Church on a Bus
Living in a country that is predominantly Christian and highly religious, means that any experience can be a religious one. A couple weeks ago, I was on a bus. In front of the bus, in the middle of the road, two people had collided and fallen off their motos and were at risk of being run over. Our bus swerved, narrowly avoiding the two people. What ensued was a feeling that rippled through the bus goers, shouts of praise for the bus driver, praise of God, cries of excitement, and people rushing to the windows to see what had just happened. It was the type of genuine feeling of gratitude and happiness that I have never felt and seen before. But I was shocked. Just as quickly as it had happened, people returned to their seats and continued with their daily lives. I liken this experience to Church. Except this was church on a bus.
Integration in a new culture happens at different times and to varying degrees. On this week’s episode of Kerong does integration, I got slapped by my counterpart, Jeanne, with whom I work with on a daily basis, on growth monitoring and on maternal and child health. But let me explain the full situation before you jump to any conclusions. I had gone to another town to purchase a flip chart (poster size paper) for teaching lessons on nutrition. My counterpart asked how much I had paid, to which I responded 5,000 RWF (approx. $5.60). She then slapped me on the back and said “ndagukubita” which roughly translates to “I will beat you.” Keep in mind a couple of things, this is the way she shows she cares, because she later told me that a. She had flip charts in the health center’s supply closet b. This was one of the first times I felt like I was treated like a Rwandan. The integration points were real. She felt comfortable enough to treat me as an equal, as a colleague, rather than the outsider. I am appreciative of this experience as strange as it was. Jeanne and I both laugh about it now.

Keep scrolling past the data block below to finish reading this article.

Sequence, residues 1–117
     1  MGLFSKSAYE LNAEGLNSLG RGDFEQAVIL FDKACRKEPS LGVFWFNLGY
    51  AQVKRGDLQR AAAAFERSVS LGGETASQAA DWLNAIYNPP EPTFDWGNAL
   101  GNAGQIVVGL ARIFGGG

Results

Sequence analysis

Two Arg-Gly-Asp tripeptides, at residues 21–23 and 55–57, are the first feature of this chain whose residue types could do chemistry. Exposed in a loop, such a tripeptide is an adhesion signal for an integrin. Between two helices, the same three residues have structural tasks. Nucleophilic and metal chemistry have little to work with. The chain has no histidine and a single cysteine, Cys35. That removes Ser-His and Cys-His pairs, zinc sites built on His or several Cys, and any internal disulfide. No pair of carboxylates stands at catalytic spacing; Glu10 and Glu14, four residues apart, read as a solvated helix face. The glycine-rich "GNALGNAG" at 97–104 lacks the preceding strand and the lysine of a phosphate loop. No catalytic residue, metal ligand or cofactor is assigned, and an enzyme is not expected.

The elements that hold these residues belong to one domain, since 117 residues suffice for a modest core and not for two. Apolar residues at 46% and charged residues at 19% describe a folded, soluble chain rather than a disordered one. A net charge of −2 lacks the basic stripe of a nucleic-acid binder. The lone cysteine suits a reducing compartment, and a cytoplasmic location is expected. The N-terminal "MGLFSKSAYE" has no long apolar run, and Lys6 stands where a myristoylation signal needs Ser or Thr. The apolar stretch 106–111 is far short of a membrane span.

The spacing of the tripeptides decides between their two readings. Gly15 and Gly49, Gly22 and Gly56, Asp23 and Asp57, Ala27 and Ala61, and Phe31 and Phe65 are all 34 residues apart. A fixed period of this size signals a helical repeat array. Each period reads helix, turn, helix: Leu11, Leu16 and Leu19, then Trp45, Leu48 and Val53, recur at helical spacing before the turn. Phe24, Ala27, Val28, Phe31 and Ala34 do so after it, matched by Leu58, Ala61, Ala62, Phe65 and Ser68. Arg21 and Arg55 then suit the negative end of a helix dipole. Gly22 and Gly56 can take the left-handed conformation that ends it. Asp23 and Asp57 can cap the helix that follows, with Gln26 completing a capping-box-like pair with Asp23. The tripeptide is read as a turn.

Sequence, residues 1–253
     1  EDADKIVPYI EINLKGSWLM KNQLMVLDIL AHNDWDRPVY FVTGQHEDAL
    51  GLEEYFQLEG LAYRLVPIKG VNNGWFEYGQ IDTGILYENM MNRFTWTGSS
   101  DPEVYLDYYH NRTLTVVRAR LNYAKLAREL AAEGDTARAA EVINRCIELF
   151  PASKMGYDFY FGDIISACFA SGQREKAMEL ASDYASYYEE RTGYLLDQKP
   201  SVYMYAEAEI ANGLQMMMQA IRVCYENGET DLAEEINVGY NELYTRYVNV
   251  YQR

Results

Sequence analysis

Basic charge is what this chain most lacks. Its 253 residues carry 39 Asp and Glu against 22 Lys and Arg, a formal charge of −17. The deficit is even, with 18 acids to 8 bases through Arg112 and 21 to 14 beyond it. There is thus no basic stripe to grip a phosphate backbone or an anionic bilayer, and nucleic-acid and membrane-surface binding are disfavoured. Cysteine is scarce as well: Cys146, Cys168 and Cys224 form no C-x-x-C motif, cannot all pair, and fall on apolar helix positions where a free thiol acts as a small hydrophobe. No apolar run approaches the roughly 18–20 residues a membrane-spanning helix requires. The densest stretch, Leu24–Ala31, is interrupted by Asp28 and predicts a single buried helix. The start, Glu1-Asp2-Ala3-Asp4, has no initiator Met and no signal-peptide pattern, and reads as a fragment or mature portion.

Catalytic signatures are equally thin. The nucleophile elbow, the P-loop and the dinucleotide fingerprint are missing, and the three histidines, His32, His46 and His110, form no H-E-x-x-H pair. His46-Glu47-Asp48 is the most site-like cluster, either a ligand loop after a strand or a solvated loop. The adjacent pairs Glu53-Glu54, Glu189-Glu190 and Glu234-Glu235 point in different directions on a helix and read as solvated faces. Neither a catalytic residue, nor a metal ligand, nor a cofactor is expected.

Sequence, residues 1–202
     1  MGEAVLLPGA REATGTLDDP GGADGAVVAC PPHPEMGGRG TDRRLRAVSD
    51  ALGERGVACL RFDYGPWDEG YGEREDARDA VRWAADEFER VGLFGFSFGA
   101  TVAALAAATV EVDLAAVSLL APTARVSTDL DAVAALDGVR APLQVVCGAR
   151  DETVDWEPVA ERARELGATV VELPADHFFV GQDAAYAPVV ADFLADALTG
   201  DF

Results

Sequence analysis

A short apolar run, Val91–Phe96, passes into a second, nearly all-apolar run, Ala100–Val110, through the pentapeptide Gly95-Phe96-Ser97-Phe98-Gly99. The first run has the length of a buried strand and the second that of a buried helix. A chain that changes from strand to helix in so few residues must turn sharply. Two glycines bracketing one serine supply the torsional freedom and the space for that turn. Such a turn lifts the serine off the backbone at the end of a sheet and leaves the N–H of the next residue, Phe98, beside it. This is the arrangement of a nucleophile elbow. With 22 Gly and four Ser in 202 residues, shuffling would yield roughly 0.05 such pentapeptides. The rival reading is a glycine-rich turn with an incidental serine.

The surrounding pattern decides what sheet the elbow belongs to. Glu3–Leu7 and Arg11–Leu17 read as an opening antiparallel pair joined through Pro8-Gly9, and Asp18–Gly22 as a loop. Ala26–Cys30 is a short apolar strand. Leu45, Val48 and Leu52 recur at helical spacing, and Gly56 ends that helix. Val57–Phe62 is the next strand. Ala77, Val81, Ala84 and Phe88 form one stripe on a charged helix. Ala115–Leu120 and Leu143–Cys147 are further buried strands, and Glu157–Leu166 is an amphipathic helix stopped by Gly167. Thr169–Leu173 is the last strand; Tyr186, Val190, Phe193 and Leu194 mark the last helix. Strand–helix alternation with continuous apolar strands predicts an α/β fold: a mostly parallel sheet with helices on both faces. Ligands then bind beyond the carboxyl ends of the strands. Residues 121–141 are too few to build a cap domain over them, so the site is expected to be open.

The rainy season is upon us. For the month of April and into early May, Rwanda experiences a rainy season, that floods dirt roads, that saturates the fields until they cannot take in any more water. But people keep telling me that Rwandans have an innate sense of when it will rain. It can be sunny one minute, the next minute, the skies filled with black clouds. So I asked my neighbor who told me that only the first born can tell when it will rain. I have started to ask different people if and when it will rain, and usually, they are pretty accurate. Rainy season will be tough, as the roads become unusable and going for runs is pretty much not an option, but we will see. Stay tuned!
With the impending rainy season, I have talked to some of the local female students, who have expressed great interest in having a run club. As someone who went to an all girls school during high school, I value the importance of having clubs and outlets specifically geared towards women. There isn’t a lack of a run club at the school because of a lack of interest—it’s more due to the fact that running is still stigmatized in Rwandan society (especially in the village) and girls running even more so. On Thursday of last week, we had our first run club. The students were so excited to get out and have time specifically dedicated to them. Next week, at 5pm everyday, we are meeting to have practice, but also to learn about ways to stay healthy. I am excited that the students have an interest and that starting to run at such a young age can instill life long routine exercise.